It’s a hard and tough world out there. Things don’t come easily. Everyday is a challenge for the person running a business. They are not there to make life as easy as possible for you. They are there to make a profit.
Because if they don’t, they don’t exist.
So now that we have identified our target market (the prospective employer) and identified his or her needs we now provide a solution. And I’ve just told you the main problem of every business.
To get the job, you say this: Employ me because I will make you money.
Imagine you are an employer. You’re struggling along trying to make a buck. You get the usual job applications. All about me, me, me.
And then someone rocks on in, grabs hold of you and says, “Employ me because I will make you money!”
If you want to list your qualifications, that’s fine. But tell the employer why your qualifications are relevant.
Marketing degree – “I have the knowledge and training to give your clients the best across a range of marketing. What this means for you is better results, happier clients, more referrals and bigger profits.”
Ability to use Macromedia – “I can edit and develop web sites giving this business extra skills in this fast growing area. That means you can offer your clients additional services which will, of course, result in greater profits.”
Ability to write and present reports – “I write superb reports with minimal input. What this means for you is a well informed client and an informed client is a happy client. This will also reduce the non-profitable report writing the more experienced and profitable team members have to do and they can be out there making you more money!”
You gotta be smart about it.
With our last advertisement in the newspaper the copy included this:
“For more information about our exciting and fast-growing company, visit our web site at www.tailored.com.au.”
Applicants were invited to submit their applications to the Executive Director.
Out of the 140 applicants, two- (2) addressed the application to “Brendon Sinclair, Executive Director.” The rest were to “Whom it may concern” and “Sir/Madam.”
Naturally those two- (2) applicants who addressed the letter personally got an interview. And it was because they showed initiative. Initiative enough to figure out who the Executive Director was. It was right there on the web site. It’s pretty basic stuff.
In an interview everyone says almost exactly the same thing. It’s almost impossible in interviews, in my experience, to get a straight answer to any question.
The applicant is not going to say, “I actually don’t think I am the best person for this job. I quite lazy, frequently dishonest and usually insolent.”
It’s to be expected – after all they practice the ‘best’ answer to every possible question.
“Do you have initiative?” you might ask an applicant.
The answer is going to be “Yes!”
But of our 140 applicants, only two- (2) actually demonstrated any initiative. And the best indicator of future performance is past performance.
But the other 138 applicants insisted to me that they have initiative.
I work hard!
I work hard. I’m out there in the trenches each and every day trying to make my clients a buck. I’m getting rejected here, getting rejected there, then going back and trying again. Every single day.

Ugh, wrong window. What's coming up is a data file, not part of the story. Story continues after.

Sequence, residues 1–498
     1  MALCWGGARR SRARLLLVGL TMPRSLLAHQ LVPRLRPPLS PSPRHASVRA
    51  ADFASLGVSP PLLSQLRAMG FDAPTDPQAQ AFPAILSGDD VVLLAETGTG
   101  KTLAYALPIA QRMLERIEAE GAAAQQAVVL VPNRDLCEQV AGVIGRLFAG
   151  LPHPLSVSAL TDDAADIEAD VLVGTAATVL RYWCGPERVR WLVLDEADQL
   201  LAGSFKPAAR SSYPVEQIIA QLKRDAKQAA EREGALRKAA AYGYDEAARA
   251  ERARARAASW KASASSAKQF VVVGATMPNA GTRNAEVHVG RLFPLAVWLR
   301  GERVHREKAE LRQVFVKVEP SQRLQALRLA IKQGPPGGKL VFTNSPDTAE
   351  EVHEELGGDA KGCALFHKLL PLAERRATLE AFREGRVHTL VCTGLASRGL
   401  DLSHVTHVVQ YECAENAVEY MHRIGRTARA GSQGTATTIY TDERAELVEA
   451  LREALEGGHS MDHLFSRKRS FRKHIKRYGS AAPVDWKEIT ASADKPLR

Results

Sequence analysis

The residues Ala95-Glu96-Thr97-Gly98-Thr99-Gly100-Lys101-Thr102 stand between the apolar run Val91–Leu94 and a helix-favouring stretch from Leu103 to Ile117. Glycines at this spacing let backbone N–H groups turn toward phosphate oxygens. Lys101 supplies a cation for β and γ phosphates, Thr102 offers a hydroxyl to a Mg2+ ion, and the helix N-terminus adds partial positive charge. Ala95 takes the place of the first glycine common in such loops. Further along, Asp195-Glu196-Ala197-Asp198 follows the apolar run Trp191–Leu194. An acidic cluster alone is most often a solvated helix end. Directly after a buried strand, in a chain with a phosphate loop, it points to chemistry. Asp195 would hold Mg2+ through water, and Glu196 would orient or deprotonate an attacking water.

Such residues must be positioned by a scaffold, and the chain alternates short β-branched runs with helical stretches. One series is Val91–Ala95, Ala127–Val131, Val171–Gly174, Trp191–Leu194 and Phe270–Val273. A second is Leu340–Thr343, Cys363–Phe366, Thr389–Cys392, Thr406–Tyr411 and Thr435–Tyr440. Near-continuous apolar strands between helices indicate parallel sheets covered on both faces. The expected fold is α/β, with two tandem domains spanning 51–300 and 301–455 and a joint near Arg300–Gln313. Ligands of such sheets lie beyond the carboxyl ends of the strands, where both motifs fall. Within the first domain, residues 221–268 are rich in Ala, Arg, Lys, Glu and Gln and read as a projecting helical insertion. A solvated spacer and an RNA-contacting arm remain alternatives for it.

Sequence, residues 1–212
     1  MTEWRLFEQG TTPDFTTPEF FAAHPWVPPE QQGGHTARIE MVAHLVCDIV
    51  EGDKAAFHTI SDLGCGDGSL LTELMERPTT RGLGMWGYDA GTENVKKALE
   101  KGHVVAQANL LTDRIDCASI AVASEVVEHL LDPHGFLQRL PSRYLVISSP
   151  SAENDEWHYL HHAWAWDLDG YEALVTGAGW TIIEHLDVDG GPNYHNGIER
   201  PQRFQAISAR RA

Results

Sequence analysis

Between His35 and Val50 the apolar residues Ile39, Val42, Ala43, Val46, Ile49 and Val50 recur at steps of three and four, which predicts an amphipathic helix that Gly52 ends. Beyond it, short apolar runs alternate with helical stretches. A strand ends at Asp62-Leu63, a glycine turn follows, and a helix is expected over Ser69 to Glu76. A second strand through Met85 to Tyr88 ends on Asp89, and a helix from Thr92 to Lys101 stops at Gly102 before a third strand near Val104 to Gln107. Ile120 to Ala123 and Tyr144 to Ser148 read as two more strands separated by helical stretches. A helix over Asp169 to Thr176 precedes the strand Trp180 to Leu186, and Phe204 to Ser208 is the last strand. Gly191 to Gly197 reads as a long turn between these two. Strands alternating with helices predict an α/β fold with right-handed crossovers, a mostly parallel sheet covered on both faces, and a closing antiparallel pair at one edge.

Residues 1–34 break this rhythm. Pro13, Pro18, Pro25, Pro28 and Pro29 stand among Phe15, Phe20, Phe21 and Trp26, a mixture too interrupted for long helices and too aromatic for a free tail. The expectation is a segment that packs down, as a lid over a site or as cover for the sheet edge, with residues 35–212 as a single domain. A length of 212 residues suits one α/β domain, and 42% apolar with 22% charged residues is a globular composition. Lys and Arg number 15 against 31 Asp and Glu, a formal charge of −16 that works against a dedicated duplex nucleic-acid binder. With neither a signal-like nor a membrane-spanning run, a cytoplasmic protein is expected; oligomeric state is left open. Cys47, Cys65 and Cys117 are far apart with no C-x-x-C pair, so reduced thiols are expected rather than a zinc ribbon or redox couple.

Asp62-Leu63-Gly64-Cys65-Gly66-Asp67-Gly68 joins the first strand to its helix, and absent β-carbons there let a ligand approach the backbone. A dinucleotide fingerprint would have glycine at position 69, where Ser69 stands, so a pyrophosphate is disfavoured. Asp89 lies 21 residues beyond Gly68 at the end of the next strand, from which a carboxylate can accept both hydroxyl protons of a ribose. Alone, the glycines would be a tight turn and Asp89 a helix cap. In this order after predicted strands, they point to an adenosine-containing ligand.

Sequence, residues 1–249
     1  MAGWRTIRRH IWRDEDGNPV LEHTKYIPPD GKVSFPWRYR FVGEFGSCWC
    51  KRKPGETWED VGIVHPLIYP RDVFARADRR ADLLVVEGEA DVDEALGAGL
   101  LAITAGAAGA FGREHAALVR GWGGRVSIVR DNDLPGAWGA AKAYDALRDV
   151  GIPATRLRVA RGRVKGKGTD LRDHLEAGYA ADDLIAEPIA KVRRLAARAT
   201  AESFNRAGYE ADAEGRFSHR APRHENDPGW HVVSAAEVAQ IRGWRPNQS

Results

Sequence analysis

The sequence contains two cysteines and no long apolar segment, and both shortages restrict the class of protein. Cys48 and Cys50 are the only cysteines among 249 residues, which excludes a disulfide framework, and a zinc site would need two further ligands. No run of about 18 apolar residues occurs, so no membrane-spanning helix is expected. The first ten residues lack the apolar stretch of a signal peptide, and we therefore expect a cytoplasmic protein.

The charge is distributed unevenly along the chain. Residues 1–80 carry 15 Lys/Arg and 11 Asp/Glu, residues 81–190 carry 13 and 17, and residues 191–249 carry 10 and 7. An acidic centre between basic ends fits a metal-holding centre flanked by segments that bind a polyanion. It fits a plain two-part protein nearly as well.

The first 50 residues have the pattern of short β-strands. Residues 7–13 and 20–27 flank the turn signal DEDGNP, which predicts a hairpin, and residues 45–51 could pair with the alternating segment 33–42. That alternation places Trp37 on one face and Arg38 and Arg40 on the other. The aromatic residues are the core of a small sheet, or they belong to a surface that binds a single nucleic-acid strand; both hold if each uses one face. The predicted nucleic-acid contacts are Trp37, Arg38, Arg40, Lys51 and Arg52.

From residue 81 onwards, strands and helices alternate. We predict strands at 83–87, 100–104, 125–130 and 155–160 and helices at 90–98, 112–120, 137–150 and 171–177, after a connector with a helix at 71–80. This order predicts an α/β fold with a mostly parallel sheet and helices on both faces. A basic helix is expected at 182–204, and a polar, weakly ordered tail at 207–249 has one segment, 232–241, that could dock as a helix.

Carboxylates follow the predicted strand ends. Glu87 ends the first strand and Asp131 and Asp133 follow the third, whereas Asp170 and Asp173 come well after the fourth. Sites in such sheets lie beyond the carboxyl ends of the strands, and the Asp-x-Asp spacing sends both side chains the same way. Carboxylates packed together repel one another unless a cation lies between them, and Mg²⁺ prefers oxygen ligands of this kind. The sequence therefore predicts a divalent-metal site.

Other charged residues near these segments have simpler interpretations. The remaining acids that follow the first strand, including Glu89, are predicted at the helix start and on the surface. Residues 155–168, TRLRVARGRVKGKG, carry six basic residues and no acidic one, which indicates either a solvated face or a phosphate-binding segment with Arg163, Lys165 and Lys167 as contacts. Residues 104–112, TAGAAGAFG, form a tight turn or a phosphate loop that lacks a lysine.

I fail at something every single day. But I never quit.
In my business, in any business, you have to be persistent. Persistence pays off.
That application letter I received today. It was from one of the previous job applicants of a year ago. She was the first person who has contacted us after being rejected the first time. 140 people trained in marketing. It’s taken a year for any of them to follow up!
Either their marketing training is hopeless or they are just plain stupid!
I’ve asked the person who followed up in for a chat. If she’s half decent we’ll give her a go.
If someone is persistent they are going to be more successful at whatever they do. The best indicator of future performance is past performance.
The person I employed last year didn’t work out. I went through the applications and tried again. The next person didn’t work out either. Neither did the next. I tried again.
If someone says “No”, they aren’t saying “No” to you. What they are really saying is “No, what you are offering me doesn’t meet my needs.”
So come up with a better solution, a better offer, and try again.
Almost every employer I know puts an employee on for a trial period. And they do that for one- (1) very good reason. In many, many cases the first choice doesn’t work out.
Here’s what else you have to do to get that job!
Let’s assume you have applied for the position, had an interview and didn’t win the job. The firm tells you by phone or letter.
Step 1: Write a sincere “Thank You” letter.
Thank you so much for the opportunity to have a chat regarding the role with your company.
Your description of the company and philosophy was unique and sounds highly motivating, positive and a certain recipe for great success – I certainly aspire to work with such a client focused organisation and really help grow such a business.
The importance of getting the right team member can’t be understated and, whilst I am disappointed at not winning the position, I understand what a difficult decision it must be to select your new team member.
Thanks again Brendon. All the very best to the Tailored team.
P.S: Saw your ad in the newspaper for your sporting goods store. Really stood out and grabbed me with the great photo. Looked great.
Remember, chances are going to be good that the person they have employed won’t be up to scratch. And in your letter, you have told the employer that “the importance of getting the right team member can’t be understated”.
You just very subtly mentioned that the new employee must be right for the role.
It also tells the employer you have empathy with his or her role. Very important. The employer is starting to identify with you.